Audi TechFocus Newsletter Highlights Digital OLED Lighting
In this week’s Audi TechFocus Newsletter, the German automotive manufacturer released a piece titled “How Audi’s Light Digitization is Pointing the Way Toward the Future”. We were particularly interested in the article’s focus on digital OLED lighting technology and the benefits that this technology offers.
A brief recap of Audi’s history with OLED development begins with the segmented panel in the 2016 TT RS, evolves into the first adjustable taillight signatures in the 2020 Q5, and finally leads to the inclusion of digital OLED rear lights as standard in the updated Audi A8. The A8 product line contains up to four signature selections and uses proximity detection to illuminate the OLEDs to full brightness if a car gets close to the stationary Audi.
Below are excerpts from the article that discuss OLED technology.
At a distance: proximity indication in the digital OLED rear lights increases safety
The digital OLED rear lights use a proximity indication to grab the attention of other road users. When a car gets close to a stationary Audi, the parking sensors take note of the movement and engage all the remaining OLED segments so that the additional brightness and larger surface area make its presence as noticeable as possible. When the Audi pulls away, the digital OLED rear lights revert to the selected signature. This added safety measure even applies for people on bicycles and scooters: the sensors recognize them too.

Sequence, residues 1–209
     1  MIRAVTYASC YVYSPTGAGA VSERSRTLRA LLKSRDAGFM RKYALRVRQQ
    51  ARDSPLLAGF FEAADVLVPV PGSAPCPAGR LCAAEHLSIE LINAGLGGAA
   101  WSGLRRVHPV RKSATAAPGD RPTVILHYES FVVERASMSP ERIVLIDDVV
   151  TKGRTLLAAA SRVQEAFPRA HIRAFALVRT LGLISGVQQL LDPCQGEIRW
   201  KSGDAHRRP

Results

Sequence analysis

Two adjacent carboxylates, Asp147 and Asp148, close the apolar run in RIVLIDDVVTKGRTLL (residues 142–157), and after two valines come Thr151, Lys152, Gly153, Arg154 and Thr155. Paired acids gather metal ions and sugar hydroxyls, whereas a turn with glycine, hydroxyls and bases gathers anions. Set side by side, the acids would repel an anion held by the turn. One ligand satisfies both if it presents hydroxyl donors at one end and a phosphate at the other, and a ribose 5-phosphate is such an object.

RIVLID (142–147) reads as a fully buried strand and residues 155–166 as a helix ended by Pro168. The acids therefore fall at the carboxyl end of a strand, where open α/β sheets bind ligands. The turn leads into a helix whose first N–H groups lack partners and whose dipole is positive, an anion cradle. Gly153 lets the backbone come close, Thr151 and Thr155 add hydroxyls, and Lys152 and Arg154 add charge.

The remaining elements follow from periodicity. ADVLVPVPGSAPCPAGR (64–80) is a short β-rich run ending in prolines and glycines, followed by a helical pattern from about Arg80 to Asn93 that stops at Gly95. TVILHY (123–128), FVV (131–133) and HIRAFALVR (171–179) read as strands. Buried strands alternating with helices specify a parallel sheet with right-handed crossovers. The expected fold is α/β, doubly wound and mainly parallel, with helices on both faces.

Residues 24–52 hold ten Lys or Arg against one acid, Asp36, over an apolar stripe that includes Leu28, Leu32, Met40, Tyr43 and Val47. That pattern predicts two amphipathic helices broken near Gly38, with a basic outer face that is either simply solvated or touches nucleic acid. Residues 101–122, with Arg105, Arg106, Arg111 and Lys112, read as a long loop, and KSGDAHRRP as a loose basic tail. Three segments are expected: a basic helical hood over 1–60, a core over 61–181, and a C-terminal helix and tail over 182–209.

It’s about the curves: flexible digital OLED
Apart from refining the Digital Matrix LED headlights, digital OLED technology in particular will define the future by not being just a conventional light source. Its development points in the direction of exterior displays, that not only increase safety and enable even more personalization, but are also meant to improve communication with the outside world. However, flexible digital OLED rear lights are a step ahead of that. They have a flexible substrate that allows them to go from a two-dimensional structure to a three-dimensional one. That not only sharpens the form, but it also makes it possible to integrate digital light design within the exterior of the lights, enabling symbol displays for additional communication with the outside world.
More than the service life of a car: OLED and lifelong quality
One question that often comes up about the technology in the digital OLED rear lights is the matter of durability. Audi’s digital OLEDs are designed for the high demands are automotive use. A special material development impedes degeneration by influencing the temperature and encapsulation technology, preventing the OLED elements from coming into contact with moisture. That means the OLED elements match the durability profile and meet the same demands as conventional inorganic car LEDs. Because of this, digital OLEDs have significantly longer service lives than traditional OLED displays, and they do it with much higher light density to meet the challenges of automotive exterior lighting.